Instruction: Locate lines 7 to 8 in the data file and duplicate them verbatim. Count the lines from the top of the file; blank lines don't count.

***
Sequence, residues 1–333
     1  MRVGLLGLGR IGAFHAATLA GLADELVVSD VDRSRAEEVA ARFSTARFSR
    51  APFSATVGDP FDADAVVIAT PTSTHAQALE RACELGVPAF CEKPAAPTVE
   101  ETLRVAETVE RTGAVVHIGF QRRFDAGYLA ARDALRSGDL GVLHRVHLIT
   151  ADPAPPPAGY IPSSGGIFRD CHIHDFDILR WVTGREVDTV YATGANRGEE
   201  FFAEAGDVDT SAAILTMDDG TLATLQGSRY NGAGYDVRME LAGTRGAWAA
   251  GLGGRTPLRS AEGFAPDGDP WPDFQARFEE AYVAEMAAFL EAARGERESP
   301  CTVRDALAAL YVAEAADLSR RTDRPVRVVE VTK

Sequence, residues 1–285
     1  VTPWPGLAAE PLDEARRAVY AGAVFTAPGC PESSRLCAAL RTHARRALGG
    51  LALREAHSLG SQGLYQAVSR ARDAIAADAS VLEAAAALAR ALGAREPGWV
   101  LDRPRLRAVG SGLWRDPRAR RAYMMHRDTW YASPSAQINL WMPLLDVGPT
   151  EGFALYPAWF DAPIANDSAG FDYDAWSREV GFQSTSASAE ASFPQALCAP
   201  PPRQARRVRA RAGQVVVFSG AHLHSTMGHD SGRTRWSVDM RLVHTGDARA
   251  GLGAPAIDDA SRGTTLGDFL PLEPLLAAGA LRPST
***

   251  GLGGRTPLRS AEGFAPDGDP WPDFQARFEE AYVAEMAAFL EAARGERESP
   301  CTVRDALAAL YVAEAADLSR RTDRPVRVVE VTK